A monitor 744 or other type of display device is also connected to the system bus 708 via an interface, such as a video adapter 746. In addition to the monitor 744, a computer typically includes other peripheral output devices (not shown), such as speakers, printers, etc.
The computer 702 may operate in a networked environment using logical connections via wired and/or wireless communications to one or more remote computers, such as a remote computer(s) 748. The remote computer(s) 748 can be a workstation, a server computer, a router, a personal computer, portable computer, microprocessor-based entertainment appliance, a peer device or other common network node, and typically includes many or all of the elements described relative to the computer 702, although, for purposes of brevity, only a memory/storage device 750 is illustrated. The logical connections depicted include wired/wireless connectivity to a local area network (LAN) 752 and/or larger networks, e.g., a wide area network (WAN) 754. Such LAN and WAN networking environments are commonplace in offices and companies, and facilitate enterprise-wide computer networks, such as intranets, all of which may connect to a global communications network, e.g., the Internet.
When used in a LAN networking environment, the computer 702 is connected to the local network 752 through a wired and/or wireless communication network interface or adapter 756. The adapter 756 may facilitate wired or wireless communication to the LAN 752, which may also include a wireless access point disposed thereon for communicating with the wireless adapter 756.
When used in a WAN networking environment, the computer 702 can include a modem 758, or is connected to a communications server on the WAN 754, or has other means for establishing communications over the WAN 754, such as by way of the Internet. The modem 758, which can be internal or external and a wired or wireless device, is connected to the system bus 708 via the serial port interface 742. In a networked environment, program modules depicted relative to the computer 702, or portions thereof, can be stored in the remote memory/storage device 750. It will be appreciated that the network connections shown are example and other means of establishing a communications link between the computers can be used.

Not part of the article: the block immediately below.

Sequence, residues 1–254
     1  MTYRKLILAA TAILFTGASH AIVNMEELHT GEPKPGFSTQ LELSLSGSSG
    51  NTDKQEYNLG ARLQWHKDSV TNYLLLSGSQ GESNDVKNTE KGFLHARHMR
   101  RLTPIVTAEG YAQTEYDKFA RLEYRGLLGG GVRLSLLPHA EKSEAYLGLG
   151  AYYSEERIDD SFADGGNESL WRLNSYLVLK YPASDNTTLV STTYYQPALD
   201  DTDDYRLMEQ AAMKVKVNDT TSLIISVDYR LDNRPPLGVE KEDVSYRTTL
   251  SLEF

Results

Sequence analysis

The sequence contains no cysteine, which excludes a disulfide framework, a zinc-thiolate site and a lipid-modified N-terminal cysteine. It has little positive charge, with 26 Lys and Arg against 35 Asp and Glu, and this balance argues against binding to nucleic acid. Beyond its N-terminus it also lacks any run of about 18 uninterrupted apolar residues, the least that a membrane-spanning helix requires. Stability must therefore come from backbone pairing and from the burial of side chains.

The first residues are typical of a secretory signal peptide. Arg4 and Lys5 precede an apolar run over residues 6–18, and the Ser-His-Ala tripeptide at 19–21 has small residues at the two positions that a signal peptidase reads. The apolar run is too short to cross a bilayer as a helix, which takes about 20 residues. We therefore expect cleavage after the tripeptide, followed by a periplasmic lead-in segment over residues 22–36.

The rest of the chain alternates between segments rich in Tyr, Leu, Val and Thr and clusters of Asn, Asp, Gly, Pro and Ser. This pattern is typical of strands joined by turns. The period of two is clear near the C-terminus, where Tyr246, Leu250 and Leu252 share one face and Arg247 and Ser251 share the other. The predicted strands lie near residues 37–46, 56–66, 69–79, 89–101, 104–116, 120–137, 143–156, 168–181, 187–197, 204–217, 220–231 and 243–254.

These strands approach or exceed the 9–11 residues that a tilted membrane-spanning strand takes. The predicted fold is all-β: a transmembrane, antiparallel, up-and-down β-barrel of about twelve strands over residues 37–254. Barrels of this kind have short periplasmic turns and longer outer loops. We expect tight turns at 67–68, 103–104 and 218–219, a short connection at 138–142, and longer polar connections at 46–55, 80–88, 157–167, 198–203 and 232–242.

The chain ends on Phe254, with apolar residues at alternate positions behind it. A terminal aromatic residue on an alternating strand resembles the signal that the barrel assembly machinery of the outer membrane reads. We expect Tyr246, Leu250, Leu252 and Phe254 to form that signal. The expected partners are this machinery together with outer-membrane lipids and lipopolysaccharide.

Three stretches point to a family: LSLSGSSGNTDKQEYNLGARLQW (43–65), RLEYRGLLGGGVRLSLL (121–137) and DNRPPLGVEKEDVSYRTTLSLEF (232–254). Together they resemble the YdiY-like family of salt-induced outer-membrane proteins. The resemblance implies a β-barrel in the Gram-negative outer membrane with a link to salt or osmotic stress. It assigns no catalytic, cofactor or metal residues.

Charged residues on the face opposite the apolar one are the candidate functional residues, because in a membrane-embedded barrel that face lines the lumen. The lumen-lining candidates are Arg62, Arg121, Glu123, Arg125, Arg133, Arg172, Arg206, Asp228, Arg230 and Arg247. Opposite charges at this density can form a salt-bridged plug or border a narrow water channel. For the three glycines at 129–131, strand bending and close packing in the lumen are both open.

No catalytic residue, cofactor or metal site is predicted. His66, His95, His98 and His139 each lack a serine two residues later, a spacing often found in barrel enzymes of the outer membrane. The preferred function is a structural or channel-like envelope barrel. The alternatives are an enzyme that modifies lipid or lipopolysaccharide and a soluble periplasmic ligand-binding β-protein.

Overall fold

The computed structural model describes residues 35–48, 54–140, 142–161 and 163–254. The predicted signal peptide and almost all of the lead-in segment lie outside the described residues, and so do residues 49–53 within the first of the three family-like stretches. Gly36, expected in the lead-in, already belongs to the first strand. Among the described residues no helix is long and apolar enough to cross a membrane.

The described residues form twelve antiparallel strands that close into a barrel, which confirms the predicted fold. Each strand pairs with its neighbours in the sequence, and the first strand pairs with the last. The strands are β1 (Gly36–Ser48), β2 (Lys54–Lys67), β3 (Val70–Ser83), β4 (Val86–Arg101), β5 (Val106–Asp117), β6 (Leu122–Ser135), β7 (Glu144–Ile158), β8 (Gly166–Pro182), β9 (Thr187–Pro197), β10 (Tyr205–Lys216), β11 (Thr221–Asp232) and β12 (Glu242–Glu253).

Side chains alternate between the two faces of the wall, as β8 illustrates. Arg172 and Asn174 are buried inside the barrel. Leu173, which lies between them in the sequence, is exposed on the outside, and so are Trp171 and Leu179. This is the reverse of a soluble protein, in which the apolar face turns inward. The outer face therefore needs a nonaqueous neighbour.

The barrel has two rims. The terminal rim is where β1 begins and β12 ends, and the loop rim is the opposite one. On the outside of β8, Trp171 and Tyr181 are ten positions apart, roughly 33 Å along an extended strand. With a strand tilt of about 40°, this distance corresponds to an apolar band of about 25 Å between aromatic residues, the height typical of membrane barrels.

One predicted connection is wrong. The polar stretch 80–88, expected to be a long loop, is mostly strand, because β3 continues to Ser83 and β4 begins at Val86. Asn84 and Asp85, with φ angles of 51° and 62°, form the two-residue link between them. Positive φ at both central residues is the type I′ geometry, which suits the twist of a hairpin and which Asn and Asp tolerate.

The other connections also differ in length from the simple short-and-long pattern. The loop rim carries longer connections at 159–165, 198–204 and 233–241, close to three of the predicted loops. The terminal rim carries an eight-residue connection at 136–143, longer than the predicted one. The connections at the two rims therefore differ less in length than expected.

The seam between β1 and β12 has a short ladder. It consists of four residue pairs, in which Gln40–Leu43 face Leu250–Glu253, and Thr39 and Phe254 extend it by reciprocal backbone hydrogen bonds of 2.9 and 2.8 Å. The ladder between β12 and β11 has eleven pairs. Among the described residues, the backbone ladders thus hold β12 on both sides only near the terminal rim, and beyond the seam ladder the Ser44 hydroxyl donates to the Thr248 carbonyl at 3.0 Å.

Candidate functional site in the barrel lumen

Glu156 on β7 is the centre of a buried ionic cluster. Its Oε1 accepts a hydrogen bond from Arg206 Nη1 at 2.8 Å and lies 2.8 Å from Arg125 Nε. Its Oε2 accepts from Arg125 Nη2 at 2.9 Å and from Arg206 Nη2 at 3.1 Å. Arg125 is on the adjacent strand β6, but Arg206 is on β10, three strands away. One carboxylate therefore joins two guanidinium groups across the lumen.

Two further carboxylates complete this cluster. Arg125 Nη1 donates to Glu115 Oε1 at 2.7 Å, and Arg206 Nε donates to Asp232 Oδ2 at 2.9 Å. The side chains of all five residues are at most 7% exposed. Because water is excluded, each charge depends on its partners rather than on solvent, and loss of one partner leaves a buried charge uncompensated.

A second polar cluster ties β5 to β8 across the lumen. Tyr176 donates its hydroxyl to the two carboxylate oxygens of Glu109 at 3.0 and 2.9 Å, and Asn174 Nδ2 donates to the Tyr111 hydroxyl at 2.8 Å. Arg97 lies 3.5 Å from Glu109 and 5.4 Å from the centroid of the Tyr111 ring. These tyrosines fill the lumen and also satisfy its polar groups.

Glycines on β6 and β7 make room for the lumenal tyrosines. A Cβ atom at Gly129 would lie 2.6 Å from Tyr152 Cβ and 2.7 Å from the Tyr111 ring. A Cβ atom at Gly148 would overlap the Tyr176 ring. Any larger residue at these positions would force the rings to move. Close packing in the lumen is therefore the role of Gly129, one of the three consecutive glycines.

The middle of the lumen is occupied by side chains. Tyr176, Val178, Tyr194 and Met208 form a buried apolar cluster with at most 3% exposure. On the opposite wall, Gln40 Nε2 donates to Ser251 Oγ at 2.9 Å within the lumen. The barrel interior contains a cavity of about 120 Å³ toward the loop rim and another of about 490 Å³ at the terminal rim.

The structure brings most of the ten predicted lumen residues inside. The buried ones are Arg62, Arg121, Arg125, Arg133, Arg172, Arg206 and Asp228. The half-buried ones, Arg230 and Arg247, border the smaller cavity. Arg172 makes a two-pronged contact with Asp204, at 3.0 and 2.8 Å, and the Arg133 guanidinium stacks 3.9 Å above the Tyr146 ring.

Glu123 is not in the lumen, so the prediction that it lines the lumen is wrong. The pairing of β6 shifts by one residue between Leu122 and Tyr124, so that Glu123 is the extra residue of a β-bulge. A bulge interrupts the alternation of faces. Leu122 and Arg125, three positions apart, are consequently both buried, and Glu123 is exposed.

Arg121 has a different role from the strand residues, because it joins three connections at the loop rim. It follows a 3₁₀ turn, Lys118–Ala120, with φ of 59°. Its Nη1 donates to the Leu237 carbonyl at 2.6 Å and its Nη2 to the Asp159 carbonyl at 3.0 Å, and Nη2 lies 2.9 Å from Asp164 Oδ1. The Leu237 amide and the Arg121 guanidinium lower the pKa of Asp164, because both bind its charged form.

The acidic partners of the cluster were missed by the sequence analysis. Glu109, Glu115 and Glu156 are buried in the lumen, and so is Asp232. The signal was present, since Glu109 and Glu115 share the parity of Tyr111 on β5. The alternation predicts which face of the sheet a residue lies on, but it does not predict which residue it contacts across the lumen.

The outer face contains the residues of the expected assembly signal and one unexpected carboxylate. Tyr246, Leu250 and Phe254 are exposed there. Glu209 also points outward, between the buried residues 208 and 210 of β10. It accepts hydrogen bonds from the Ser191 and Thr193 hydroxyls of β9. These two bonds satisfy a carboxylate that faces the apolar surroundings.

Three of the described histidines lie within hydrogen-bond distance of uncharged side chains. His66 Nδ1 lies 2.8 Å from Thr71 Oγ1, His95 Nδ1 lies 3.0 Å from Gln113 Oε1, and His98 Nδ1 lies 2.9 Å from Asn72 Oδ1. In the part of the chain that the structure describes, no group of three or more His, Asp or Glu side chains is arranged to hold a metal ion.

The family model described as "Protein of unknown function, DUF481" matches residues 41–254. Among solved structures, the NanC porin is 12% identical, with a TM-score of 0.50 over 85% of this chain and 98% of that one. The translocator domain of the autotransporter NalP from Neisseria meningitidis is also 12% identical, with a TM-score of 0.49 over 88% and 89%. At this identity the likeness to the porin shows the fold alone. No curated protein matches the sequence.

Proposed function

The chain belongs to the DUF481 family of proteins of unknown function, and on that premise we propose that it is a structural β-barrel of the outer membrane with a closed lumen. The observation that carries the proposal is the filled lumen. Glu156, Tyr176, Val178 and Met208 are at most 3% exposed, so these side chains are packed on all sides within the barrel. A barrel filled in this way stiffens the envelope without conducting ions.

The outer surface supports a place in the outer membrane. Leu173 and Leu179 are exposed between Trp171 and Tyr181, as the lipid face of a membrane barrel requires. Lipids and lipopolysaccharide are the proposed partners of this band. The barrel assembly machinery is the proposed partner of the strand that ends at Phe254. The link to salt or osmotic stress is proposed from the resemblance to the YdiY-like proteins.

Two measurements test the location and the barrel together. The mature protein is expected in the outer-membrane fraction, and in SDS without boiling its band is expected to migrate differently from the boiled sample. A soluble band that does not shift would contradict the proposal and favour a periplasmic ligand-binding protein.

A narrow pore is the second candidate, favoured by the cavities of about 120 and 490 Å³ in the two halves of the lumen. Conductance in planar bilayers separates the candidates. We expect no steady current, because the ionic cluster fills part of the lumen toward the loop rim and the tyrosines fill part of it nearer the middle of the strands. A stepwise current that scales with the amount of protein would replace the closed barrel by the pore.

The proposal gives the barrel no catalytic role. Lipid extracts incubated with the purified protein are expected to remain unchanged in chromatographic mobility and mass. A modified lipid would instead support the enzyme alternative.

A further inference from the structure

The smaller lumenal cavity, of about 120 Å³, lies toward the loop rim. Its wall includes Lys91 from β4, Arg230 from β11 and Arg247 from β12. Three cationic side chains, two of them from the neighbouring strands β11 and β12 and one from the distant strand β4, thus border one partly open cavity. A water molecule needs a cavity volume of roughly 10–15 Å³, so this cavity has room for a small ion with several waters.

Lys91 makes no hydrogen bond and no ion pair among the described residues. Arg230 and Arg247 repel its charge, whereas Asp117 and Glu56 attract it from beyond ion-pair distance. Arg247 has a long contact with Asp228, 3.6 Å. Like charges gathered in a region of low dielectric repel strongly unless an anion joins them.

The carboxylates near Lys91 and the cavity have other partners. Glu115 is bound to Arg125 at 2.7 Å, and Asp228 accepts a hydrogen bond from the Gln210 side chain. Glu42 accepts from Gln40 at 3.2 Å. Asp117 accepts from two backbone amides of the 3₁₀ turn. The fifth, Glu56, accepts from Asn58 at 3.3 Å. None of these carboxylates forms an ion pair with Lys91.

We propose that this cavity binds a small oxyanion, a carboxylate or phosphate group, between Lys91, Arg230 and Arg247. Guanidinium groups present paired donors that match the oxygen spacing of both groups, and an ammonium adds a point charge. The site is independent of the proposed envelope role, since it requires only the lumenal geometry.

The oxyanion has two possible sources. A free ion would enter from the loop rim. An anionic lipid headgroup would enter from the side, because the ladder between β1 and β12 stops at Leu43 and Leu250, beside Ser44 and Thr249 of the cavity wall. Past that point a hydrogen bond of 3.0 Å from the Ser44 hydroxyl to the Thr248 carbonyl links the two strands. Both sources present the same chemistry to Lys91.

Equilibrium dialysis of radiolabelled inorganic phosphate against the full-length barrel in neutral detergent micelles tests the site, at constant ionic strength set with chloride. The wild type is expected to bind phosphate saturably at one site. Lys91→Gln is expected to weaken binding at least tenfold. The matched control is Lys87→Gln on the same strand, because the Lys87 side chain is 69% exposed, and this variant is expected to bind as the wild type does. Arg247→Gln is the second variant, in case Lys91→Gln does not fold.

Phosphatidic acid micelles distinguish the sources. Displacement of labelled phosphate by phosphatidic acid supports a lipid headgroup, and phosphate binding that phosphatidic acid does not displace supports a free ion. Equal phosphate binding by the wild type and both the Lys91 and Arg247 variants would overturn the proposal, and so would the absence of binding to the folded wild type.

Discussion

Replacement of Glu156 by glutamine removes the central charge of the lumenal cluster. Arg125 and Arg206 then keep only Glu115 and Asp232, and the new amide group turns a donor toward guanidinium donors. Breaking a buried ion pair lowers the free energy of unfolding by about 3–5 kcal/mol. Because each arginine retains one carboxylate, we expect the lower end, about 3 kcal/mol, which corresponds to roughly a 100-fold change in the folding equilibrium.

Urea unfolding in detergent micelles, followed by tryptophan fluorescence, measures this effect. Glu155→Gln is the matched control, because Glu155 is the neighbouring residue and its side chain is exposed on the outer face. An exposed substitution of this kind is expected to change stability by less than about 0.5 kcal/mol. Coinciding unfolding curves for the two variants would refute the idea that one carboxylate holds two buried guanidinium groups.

The computer 702 is operable to communicate with any wireless devices or entities operatively disposed in wireless communication, e.g., a printer, scanner, desktop and/or portable computer, portable data assistant, communications satellite, any piece of equipment or location associated with a wirelessly detectable tag (e.g., a kiosk, news stand, restroom), and telephone. This includes at least Wi-Fi and Bluetooth™ wireless technologies. Thus, the communication can be a predefined structure as with a conventional network or simply an ad hoc communication between at least two devices.
Wi-Fi, or Wireless Fidelity, allows connection to the Internet from a couch at home, a bed in a hotel room, or a conference room at work, without wires. Wi-Fi is a wireless technology similar to that used in a cell phone that enables such devices, e.g., computers, to send and receive data indoors and out; anywhere within the range of a base station. Wi-Fi networks use radio technologies called IEEE 802.11 (a, b, g, etc.) to provide secure, reliable, fast wireless connectivity. A Wi-Fi network can be used to connect computers to each other, to the Internet, and to wired networks (which use IEEE 802.3 or Ethernet). Wi-Fi networks operate in the unlicensed 2.4 and 5 GHz radio bands, at an 11 Mbps (802.11a) or 54 Mbps (802.11b) data rate, for example, or with products that contain both bands (dual band), so the networks can provide real-world performance similar to the basic 10BaseT wired Ethernet networks used in many offices.
Referring now to
Communications can be facilitated via a wired (including optical fiber) and/or wireless technology. The client(s) 810 are operatively connected to one or more client data store(s) 840 that can be employed to store information local to the client(s) 810 (e.g., cookie(s) and/or associated contextual information). Similarly, the server(s) 820 are operatively connected to one or more server data store(s) 850 that can be employed to store information local to the servers 820.